The Philippines

Appears in

Oxford Companion to Sugar and Sweets

Oxford Companion to Sugar and Sweets

By Darra Goldstein

Published 2015

  • About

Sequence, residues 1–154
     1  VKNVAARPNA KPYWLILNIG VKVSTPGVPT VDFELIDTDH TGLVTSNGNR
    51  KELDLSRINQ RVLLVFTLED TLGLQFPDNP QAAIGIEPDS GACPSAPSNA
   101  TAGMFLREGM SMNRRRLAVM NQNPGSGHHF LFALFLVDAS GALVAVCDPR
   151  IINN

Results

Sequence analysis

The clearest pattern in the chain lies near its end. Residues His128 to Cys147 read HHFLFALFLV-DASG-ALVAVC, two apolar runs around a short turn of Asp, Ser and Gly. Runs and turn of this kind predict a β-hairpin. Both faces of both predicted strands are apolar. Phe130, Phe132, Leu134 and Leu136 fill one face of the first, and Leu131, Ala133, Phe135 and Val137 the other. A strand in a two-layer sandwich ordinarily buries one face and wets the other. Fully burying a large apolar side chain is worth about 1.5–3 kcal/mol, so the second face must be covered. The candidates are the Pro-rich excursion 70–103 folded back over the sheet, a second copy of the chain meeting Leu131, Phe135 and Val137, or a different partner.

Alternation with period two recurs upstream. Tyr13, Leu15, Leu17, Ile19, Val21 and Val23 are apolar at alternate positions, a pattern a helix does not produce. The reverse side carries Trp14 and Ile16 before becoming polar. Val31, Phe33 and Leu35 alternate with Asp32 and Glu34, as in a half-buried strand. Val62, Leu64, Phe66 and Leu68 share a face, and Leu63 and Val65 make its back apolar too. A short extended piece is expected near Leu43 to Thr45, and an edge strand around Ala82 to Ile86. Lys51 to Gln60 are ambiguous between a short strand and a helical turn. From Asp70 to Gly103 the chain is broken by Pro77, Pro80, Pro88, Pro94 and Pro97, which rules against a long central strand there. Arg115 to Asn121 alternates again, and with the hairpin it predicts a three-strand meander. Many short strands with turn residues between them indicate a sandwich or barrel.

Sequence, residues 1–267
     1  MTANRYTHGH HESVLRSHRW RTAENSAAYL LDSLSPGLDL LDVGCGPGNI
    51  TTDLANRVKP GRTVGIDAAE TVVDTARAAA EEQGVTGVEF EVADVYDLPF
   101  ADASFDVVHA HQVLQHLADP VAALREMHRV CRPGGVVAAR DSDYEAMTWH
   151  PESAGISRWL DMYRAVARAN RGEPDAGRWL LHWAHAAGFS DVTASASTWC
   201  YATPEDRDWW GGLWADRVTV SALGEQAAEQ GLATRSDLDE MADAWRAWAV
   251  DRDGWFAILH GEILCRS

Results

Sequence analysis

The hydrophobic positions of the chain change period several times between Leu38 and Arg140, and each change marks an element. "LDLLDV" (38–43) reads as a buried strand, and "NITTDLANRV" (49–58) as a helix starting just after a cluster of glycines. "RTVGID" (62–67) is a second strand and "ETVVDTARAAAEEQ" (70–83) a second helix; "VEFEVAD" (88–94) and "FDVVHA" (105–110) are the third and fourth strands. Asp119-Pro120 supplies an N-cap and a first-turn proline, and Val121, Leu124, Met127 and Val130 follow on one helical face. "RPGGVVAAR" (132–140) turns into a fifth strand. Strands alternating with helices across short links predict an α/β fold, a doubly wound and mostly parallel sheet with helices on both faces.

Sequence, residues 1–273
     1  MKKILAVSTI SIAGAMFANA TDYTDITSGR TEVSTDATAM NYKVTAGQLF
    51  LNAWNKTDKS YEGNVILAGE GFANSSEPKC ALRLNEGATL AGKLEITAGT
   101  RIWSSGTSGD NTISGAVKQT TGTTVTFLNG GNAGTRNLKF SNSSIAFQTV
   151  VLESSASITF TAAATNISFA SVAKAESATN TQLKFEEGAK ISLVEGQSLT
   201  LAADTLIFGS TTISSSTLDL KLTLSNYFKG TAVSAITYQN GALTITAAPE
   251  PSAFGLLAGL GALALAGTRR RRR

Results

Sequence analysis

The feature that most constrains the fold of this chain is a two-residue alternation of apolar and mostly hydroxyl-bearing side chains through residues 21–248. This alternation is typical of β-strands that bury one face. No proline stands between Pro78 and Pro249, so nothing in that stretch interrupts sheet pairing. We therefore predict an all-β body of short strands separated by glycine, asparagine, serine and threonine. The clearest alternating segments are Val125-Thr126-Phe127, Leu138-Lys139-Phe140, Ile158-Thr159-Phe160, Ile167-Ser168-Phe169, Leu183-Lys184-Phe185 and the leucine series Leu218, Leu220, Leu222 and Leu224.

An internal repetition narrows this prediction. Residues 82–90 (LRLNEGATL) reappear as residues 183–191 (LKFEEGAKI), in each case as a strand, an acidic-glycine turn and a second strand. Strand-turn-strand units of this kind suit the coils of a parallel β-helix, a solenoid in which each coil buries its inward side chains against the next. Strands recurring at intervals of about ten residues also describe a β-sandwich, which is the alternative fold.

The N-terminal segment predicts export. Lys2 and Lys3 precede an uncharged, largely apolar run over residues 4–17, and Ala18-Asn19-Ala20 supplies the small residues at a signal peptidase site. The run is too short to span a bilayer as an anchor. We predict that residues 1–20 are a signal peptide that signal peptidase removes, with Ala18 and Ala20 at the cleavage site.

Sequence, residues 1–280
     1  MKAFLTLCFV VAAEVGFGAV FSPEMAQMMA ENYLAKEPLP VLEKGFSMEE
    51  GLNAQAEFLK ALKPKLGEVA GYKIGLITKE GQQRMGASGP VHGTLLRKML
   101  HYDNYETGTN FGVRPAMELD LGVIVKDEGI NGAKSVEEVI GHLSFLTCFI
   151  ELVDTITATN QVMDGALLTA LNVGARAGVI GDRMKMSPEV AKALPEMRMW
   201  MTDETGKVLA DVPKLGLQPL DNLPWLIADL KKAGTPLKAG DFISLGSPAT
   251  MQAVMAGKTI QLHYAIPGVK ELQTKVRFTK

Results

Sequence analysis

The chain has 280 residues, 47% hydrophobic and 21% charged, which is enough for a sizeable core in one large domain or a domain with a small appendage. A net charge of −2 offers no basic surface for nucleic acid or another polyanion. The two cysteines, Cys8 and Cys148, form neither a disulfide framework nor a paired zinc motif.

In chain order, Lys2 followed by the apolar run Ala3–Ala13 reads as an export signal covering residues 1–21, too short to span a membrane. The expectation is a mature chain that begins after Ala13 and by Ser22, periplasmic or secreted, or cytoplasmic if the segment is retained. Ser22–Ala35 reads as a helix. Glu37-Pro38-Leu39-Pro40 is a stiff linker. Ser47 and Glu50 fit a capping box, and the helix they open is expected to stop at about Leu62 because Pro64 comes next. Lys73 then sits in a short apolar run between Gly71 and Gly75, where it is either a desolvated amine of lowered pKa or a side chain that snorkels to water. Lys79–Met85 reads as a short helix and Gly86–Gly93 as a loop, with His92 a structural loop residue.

The Philippines is an archipelago of 7,107 islands located east of the Southeast Asian mainland. More than 300 species of edible fruits and nuts are found in the country. It is customary in all three major regions—Luzon, Visayas, and Mindanao—to end a meal with a selection of locally available fruits in season. Among the most popular fruits are mango, atis (sugar apple), lanzones, bananas, and citrus fruits like dalandan (native orange) and suha (pomelo)—fruits that are meant to be enjoyed in their naturally ripened state. The tradition of dessert as the last course of a meal is more Western than Asian. In the Philippines, the native way of eating is viewed not as a progression of courses but as a display of both savory and sweet dishes that allows the diner to visually plan how to allocate “stomach space” to the meal at hand. It was only after 350 years of Spanish colonial rule, and 50 more of American that the Western notion of postre (the Spanish term for after-dinner sweets) and the serving of American cakes and pies for dessert finally made their way into the Filipino mindset.